Companies & Sectors
LIC reduces exposure to finance, consumer and cement companies in Q2

LIC has emerged as net sellers during July-September quarter 2012 and most of the pullout was in private sector companies, says a report by BofA-Merrill Lynch

 
New Delhi: State-run Life Insurance Corp of India (LIC), a major domestic institutional investor, offloaded shares worth over Rs7,020 crore (about $1.3 billion) in companies related to financial, consumer and cement sectors in the July-September quarter this year, reports PTI quoting a research note.
 
At the same time, LIC acquired shares worth about Rs2,355 crore (about $436 million) in software and telecom companies, the global research report by BofA-Merrill Lynch said.
 
LIC sold shares of private lenders ICICI Bank and HDFC Bank and pharma company Cipla, while bought shares of Tata Consultancy Services (TCS), Infosys, Wipro, telecom major Bharti Airtel, the report said.
 
"State-run LIC lowered its exposure to companies like ICICI Bank (with sale of shares with an estimated $207 million), HDFC Bank ($175 million), Cipla ($132 million), Voltas ($94 million) and HUL ($91 million)," the report said.
 
On the other hand, LIC's major investment during the quarter included Wipro ($114 million), Bharti Airtel ($97 million), Hero Motocorp ($81 million), Infosys ($80 million) and TCS ($55 million).
 
The report said that LIC has emerged as net sellers during July-September quarter 2012 and most of the pullout was in private sector companies.
 
In contrast, LIC was net buyer during April-June quarter 2012 as the insurer had purchased shares worth an estimated over $2 billion (about Rs11,000 crore) in India equities and sold shares to the tune of $115 million.
 
In terms of sectors, LIC sold shares valued at $450 million in the finance portfolio during the quarter under review, followed by consumer ($198 million), cement ($192 million), pharma ($139 million), industrial ($134 million) and media/hotel ($53 million), the report said.
 
In contrast, the insurance giant's investment in the software sector stood at $277 million, followed by $112 million in the telecom category, $23 million in auto space, $19 million in metal and mining sector and $5 million in the energy area.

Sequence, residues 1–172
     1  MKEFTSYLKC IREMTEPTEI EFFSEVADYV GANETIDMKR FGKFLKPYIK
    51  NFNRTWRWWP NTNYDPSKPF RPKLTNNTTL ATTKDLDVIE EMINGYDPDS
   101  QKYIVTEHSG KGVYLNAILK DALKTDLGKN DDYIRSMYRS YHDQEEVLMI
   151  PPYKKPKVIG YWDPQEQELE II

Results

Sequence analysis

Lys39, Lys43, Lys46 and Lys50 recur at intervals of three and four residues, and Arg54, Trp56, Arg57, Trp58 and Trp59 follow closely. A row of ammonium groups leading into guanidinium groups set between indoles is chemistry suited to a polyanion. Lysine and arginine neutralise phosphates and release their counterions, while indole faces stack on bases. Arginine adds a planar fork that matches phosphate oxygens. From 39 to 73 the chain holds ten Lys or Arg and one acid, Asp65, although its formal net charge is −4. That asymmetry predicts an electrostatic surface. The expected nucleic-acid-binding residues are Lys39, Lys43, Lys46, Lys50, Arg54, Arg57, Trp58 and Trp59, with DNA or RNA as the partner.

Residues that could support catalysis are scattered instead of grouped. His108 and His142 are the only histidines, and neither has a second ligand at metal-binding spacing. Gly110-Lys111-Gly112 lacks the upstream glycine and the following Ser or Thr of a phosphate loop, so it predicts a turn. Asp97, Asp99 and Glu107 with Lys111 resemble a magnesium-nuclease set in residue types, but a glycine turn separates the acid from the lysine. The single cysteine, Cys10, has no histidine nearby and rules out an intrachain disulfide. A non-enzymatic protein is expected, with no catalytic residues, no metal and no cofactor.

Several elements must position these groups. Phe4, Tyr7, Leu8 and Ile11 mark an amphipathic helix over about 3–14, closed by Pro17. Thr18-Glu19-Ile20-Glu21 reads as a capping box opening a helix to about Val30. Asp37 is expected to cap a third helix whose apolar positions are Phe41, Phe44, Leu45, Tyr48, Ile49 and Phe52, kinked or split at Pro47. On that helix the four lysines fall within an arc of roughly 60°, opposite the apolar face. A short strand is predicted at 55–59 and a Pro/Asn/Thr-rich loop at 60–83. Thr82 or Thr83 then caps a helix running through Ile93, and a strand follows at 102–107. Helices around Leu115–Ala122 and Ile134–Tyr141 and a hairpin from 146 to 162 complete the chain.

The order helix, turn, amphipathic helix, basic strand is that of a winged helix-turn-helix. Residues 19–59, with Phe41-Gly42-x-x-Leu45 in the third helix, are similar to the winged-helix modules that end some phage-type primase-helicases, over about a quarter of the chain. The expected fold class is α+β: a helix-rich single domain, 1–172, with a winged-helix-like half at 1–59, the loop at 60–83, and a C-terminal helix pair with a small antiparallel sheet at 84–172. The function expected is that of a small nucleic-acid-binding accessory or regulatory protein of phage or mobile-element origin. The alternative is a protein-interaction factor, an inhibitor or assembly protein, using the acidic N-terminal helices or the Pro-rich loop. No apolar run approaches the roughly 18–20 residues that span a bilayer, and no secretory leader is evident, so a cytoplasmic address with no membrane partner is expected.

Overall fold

Financial sector accounted for 24% of LICs total equity portfolio in the country followed by energy 16%, consumer goods 12% and industrial space 10%.
 

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SAT sets aside SEBI's Rs11-crore fine against three individuals

According to the SAT, the three had not acted as intermediaries but individual traders in the securities market and hence have not violated any norms of SEBI

 
Mumbai: The Securities Appellate Tribunal (SAT) had set aside an order by Securities and Exchange Board of India (SEBI) that slapped a penalty of Rs11 crore on three individuals for allegedly engaging in fraudulent trading practices in the stock market, reports PTI.
 
The tribunal has set aside the penalty of Rs5 crore each on Dipak Patel and Kanaiyalal Baldevbhai Patel as well as Rs1 crore fine on Anandkumar Baldevbhai Patel. They were allegedly involved in "front running" related to foreign institutional investor, Passport India Investment (Mauritius).
 
Generally, front running refers to a broker executing orders with prior knowledge of the demand from the buyer side.
 
"We are of the considered view that in the facts and circumstances of the present case, the board has erred in holding the appellants guilty of violating regulation 3 of the FUTP (Fraudulent and Unfair Trade Practices) regulations. We, therefore, set aside the impugned orders and allow the appeals with no order as to costs," SAT said in its order.
 
It was alleged that Dipak Patel, a portfolio manager for Passport India, had shared information about forthcoming trading with a Kanaiyalal Baldevbhai Patel. Anandkumar Baldevbhai Patel also allegedly abetted such activities.
 
According to the SAT, the three had not acted as intermediaries but individual traders in the securities market and hence have not violated any norms.
 
As per the SEBI's regulations, front running is prohibited only by intermediaries, and not by traders in the market.
 
"In the absence of any specific provision in the (FUTP) Act, rules or regulations prohibiting front running by a person other than an intermediary, we are of the view that the appellants cannot be held guilty of the charges levelled against them," SAT said.
 
The tribunal said Passport India was the major counter party for trading in the market and had placed huge orders.
 
Hence, the possibility of traders' orders for smaller quantities matching with the orders of Passport India cannot be ruled out, it added.
 
"Therefore, it cannot be said that they have manipulated the market... In the absence of any specific provision in law, it cannot be said that a fraud has been played on the market or market has been manipulated by the appellants when all transactions were screen-based at the prevalent market price," SAT said.
 

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Playing the victim after getting caught

Indians are eager to defend Rajat Gupta because we are too used to the powerful always...

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